An aviation pioneer, ag businessman
William Clent Breedlove pioneered aviation on the South Plains.
Early on he was a Levelland auto dealer who loved airplanes. Breedlove was hired in 1930 as Lubbock Municipal Airport’s first full-time manager and remained until 1940.
Though proficient as a barnstormer, he promoted aviation as a safe mode of travel. He organized a flying club and instructed pilots. He secured weather equipment for the airport and was responsible for the paving of the runways. As an Army Air Corps pilot, Breedlove participated in Gen. Billy Mitchell’s battleship bombing test in 1921.
In the 1930s, he taught in the civilian pilot training program, a precursor to the war training service, during World War II.
On December 20, 1941, Breedlove moved his aerial service to his commercial airport southwest of Lubbock. From there, he carried on a glider training program, and operated related training programs at Plainview and Lamesa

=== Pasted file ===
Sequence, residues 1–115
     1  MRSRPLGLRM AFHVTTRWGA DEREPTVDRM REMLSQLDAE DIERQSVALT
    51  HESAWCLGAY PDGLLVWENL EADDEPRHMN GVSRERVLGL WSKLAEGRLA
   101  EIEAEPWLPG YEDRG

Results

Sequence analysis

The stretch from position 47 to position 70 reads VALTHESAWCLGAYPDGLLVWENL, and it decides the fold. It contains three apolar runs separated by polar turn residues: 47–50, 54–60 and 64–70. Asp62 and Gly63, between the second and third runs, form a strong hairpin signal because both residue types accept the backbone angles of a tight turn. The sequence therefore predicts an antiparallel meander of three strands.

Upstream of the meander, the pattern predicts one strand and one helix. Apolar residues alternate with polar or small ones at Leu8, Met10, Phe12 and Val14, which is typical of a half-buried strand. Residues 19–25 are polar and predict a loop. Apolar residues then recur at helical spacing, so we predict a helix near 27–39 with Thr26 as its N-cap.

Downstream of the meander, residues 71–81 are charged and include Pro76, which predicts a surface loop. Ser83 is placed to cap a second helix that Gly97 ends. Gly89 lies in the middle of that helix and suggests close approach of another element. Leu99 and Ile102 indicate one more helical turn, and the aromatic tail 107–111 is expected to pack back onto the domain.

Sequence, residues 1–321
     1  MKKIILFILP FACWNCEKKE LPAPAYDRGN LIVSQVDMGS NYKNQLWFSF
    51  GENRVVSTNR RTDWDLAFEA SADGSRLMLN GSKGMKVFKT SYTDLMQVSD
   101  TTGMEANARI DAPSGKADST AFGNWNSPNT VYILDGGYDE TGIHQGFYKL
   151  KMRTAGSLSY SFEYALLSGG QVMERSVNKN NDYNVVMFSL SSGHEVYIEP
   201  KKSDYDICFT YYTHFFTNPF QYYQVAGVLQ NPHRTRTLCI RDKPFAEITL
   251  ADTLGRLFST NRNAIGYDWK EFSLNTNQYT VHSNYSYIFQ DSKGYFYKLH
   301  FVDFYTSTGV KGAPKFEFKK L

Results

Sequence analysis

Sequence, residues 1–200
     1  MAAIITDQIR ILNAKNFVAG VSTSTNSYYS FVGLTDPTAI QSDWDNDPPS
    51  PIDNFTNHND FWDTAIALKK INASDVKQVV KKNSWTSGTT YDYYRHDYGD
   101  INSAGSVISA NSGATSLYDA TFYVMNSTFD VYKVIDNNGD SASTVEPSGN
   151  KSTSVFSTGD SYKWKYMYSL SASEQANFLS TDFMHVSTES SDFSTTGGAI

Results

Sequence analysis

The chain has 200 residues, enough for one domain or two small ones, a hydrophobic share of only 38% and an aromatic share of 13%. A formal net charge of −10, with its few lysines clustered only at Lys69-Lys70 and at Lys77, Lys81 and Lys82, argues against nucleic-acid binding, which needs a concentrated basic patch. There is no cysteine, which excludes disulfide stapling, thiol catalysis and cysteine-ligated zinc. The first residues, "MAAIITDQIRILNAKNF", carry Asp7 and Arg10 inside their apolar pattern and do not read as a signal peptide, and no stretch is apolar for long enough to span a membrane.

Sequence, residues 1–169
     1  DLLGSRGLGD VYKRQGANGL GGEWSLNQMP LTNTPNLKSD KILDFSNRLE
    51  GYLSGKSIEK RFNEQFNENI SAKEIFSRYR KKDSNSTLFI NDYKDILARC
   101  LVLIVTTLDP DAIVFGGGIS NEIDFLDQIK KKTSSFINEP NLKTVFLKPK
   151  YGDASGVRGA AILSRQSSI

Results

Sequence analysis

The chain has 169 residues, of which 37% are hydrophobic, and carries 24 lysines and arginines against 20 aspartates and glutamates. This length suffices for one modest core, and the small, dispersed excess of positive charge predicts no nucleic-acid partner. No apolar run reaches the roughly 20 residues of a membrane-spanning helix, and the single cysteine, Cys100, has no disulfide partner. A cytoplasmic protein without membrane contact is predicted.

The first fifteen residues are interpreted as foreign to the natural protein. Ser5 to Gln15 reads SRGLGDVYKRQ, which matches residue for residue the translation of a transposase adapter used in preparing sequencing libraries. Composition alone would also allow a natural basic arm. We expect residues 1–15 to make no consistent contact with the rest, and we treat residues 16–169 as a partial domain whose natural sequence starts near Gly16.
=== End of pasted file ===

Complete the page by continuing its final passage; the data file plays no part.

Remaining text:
S. E. Cone
Stephen Elsemere Cone saw financial opportunity developing on the South Plains and grabbed it.
The West Texas grain dealer, real estate and oil man, was born in Yarrellton.
He entered the grain business while still on the family farm, but it was the growing lure of the Lubbock area that led Cone to establish grain elevators in Muleshoe, Bovina, Hereford, Amherst and Anton. By the early 1930s, he was one of the largest dealers in sorghum and sudan grass seed in the Southwest.
In partnership with Col. “Sheb” Williams of Paris, Texas, he bought about 20,000 acres in eastern Lubbock County and sold off parcels of land to newcomers.
In addition, Cone managed or owned a number of farms. He also leased land on which he grew cotton and row crops. In 1928, he began buying and selling oil rights on West Texas lands.
His most active period in this business came in 1940-41, and a considerable share of his fortune resulted from it.
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